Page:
He was much deeper into the game than I ever was. For me, gaming was a changeup in my teenage weekends when I usually attended parties or just cruised the town with my friends, consuming beer and looking for something to do. I never designed worlds or adventures. I never owned the rule books, always relying on a friend to have a set. I owned a set of dice that I often shared with friends who did not play enough to invest in their own. We played store-bought modules (adventures). Our adventures were usually two evening affairs rather than months long campaigns run by one game master. We switched off as game master. Whomever had purchased a new adventure called a group together (and it was rarely the same group from game to game) and we played it.

Gilsdorf, by his recollection was heavily into the game and invested many hours in not only playing every weekend for years, but time invested in creating worlds, adventures, adventures, creatures, and lore. I lacked that amount of interest in the game and frankly, the ambition to undertake an extensive project like creating a world.

As teens, a few of the hard core players in our group had always talked about making the journey to GenCon, the annual fantasy gaming convention held in Lake Geneva, Wisconsin, birthplace of Dungeons and Dragons and home to TSR, the publishers of Dungeons and Dragons. We wanted to play with the masters of the game, to see the new products rolled out, and perhaps commune, just briefly, with the creator of Dungeons and Dragons, E. Gary Gygax. Perhaps a more dedicated teenager would have saved the cash necessary to make the trip. A more avid gamer would have made the seven hour drive to Wisconsin to attend. None of us had the time or inclination to actually go. It was all just talk for us.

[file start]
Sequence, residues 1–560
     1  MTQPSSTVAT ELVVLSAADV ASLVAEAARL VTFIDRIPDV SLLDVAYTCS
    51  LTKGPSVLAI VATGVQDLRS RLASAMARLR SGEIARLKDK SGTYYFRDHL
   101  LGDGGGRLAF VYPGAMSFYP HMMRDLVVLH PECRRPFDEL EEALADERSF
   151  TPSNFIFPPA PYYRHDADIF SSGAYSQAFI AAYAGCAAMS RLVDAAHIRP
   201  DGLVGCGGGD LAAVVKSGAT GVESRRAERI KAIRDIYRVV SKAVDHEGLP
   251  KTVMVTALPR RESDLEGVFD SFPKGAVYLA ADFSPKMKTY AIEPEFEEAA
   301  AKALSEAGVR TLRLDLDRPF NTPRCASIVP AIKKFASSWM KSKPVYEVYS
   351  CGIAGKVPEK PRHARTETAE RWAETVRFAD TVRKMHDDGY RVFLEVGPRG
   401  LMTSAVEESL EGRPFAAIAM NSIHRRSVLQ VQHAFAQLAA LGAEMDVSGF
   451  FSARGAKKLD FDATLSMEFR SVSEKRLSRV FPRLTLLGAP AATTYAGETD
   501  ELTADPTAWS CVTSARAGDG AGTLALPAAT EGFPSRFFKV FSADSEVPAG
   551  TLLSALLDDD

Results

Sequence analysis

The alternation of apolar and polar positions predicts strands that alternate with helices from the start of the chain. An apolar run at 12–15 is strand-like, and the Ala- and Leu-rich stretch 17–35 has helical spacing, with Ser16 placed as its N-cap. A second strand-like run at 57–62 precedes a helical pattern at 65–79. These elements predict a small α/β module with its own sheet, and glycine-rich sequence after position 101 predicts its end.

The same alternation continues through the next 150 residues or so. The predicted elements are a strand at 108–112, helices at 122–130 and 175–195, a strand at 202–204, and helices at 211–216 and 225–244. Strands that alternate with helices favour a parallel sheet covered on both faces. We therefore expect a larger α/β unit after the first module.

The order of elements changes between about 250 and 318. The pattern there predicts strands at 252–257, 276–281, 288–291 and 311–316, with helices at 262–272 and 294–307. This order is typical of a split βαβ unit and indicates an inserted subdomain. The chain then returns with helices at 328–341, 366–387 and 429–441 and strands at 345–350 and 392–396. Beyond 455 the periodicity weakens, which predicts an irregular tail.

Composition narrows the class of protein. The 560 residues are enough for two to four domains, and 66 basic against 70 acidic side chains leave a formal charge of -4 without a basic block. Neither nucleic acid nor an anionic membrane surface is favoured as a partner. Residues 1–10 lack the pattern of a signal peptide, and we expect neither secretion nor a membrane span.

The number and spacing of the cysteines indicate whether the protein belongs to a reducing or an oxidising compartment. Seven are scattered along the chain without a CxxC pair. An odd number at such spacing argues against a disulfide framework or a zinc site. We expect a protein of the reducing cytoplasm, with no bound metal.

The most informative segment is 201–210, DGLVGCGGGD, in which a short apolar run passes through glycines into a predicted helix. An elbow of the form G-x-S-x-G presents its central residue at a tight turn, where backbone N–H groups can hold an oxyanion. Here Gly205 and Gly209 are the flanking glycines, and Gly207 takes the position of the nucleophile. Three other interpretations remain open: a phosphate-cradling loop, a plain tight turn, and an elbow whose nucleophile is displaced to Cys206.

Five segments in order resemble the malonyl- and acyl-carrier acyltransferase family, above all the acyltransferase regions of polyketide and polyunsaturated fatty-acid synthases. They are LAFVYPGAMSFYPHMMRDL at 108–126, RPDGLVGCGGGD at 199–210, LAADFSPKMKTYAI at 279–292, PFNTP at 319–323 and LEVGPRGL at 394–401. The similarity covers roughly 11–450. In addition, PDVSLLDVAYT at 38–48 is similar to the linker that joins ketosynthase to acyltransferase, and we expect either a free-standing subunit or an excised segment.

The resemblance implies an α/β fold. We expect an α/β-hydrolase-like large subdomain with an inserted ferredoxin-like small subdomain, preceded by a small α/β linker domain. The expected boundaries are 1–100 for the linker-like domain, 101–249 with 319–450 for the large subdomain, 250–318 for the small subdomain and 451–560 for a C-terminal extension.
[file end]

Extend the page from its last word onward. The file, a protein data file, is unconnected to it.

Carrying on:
Gilsdorf makes that journey, as he had dreamed of doing as a child. His goal, to meet The Creator, to commune with and perhaps game with the man who started it all. Gygax faithfully attended these events and by all accounts, was accessible to all. He ran games for players who wanted to play. He showed them new ideas that they took back to their own games. For a Dungeons and Dragons player, playing with Gygax is like a fan of chess sitting across the table from Bobby Fisher. You know you are in the presence of a master.

Alas, Gilsdorf’s opportunity to kiss the ring (of Protection?) of the creator eluded him as Gygax died just three months prior to the convention. Like Gilsdorf’s mother, Gygax succumbed to an aneurysm.

At GenCon, Gilsdorf finds several other people our age who have come for a weekend of fantasy gaming. Most of them are, in the lexicon of the modern gamer, Grognards. In French, this means “old warrior.” In gaming parlance, it means a person who eschews the updated and modernized versions of games for the old school games of their youth. Graying ponytails abound at the resurrection of Chain Mail, the combat game that Gygax and David Arenson invented as a forerunner of Dungeons and Dragons. Male pattern baldness prevailed at the gaming tables where the 1970s Advanced Dungeons and Dragons (known to some as Dungeons and Dragons 1st Edition). Gilsdorf was by no means the only middle aged warrior on the convention floor. It would seem that young people were few and far between.

Gilsdorf talks to a convention attendee who laments that kids today have eschewed all tabletop games in favor of digital interaction. He took it a step further and lamented that kids were no longer running around outside playing cops, knights, Star Trek characters (a favorite backyard game of my childhood). The imagination, developed by this creative role playing with the uninhibited creativity of childhood, seems absent in children of today. The action need no longer be imagined. It unfolds digitally before their eyes.